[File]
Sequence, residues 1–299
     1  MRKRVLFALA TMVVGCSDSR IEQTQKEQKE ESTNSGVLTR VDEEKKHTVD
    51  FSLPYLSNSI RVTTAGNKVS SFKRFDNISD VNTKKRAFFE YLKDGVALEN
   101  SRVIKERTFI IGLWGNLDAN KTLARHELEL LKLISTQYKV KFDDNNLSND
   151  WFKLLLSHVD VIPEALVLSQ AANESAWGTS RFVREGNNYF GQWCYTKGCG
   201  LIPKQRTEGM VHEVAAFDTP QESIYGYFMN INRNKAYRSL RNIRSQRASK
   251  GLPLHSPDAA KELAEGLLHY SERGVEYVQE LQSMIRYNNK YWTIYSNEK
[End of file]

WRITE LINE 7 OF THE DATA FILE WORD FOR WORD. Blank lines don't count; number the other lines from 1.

   251  GLPLHSPDAA KELAEGLLHY SERGVEYVQE LQSMIRYNNK YWTIYSNEK